year = curr_tm.tm_year;
    	hour = curr_tm.tm_hour;
    	minute = curr_tm.tm_min;
    	local_dt = curr_tm;
    }

  10. #10
    The larch
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    It might be probably easiest to create a separate function for console input. After all, you probably want prompt messages as well.
    I might be wrong.

    Thank you, anon. You sure know how to recognize different types of trees from quite a long way away.
    Quoted more than 1000 times (I hope).

  11. #11
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    Quote Originally Posted by anon View Post
    It might be probably easiest to create a separate function for console input. After all, you probably want prompt messages as well.
    Lost you?

    Talking about this
    Code:
    	puts("\nENTER: First Name : Last Name : Driver's License : ID Number : Contact Number [ccc-ddd-dddd]\n");
    	
    	driver.Read(cin);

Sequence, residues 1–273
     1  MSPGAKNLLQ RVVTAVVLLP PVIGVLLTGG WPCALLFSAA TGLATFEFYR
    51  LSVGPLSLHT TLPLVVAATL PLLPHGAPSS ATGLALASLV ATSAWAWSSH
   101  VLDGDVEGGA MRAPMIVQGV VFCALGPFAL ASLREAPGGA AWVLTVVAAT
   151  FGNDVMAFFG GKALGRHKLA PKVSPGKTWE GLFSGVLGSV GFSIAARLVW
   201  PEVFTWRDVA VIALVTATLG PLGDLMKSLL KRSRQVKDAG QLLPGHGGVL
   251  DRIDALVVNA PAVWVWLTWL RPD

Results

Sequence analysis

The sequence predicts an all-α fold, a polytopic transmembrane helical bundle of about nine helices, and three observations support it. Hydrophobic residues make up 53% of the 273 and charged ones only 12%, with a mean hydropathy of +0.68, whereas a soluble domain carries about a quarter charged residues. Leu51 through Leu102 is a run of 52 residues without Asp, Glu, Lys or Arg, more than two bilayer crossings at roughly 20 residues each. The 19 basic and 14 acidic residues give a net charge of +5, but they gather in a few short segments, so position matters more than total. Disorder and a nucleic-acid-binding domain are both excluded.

cin.ignore();
    
    	// Prompt for ContractID, carRegistration, group and kmType  
    	std::cout << "\nEnter new contract data below..." << std::endl;
    	std::cout << "1. Contract ID" << std::endl;
    	std::cout << "2. Car registration number" << std::endl;
    	std::cout << "3. Rental group [A/B/C/D/F/O/Z]" << std::endl;
    	std::cout << "4. Rental Type [Unlimited/200km per day]"
    				 "\n\n: --> Rental Type [Unlimited=\"unlimited\", 200km=\"200km\"]\n\n";
    	
    	cin.ignore();
    	
    	Contract contract;	
    
    	contract.Read(cin);	
    	
    	contracts.push_back(contract);
    
    	puts("\ncontract added...\n");

  12. #12
    and the Hat of Guessing tabstop's Avatar
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    Quote Originally Posted by csonx_p View Post
    Lost you?

    Talking about this
    Code:
    	puts("\nENTER: First Name : Last Name : Driver's License : ID Number : Contact Number [ccc-ddd-dddd]\n");
    	
    	driver.Read(cin);
    
    	cin.ignore();